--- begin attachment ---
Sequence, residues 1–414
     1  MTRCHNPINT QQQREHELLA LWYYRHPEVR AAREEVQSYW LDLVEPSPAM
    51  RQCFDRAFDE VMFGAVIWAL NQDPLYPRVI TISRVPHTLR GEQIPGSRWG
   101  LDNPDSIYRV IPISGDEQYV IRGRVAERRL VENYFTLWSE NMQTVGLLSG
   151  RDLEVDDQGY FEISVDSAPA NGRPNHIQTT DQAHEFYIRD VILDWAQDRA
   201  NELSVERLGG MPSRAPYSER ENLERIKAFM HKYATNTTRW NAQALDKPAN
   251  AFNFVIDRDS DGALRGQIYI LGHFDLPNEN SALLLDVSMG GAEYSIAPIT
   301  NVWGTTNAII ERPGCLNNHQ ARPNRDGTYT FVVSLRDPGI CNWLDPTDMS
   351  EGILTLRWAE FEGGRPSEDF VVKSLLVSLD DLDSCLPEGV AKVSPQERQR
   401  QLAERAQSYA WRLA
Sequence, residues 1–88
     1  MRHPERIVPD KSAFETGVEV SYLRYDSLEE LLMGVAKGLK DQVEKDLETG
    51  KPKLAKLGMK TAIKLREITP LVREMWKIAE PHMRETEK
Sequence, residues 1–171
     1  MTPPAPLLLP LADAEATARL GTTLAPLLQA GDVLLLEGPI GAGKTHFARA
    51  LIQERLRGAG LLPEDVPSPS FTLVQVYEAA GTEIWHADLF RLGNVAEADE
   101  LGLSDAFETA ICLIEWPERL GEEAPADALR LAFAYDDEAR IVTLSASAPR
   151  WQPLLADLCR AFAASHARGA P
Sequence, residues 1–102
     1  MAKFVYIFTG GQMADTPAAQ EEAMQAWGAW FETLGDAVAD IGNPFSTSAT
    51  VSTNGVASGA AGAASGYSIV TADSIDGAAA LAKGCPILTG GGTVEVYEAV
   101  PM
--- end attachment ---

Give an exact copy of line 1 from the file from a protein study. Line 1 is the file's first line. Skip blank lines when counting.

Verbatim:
Sequence, residues 1–414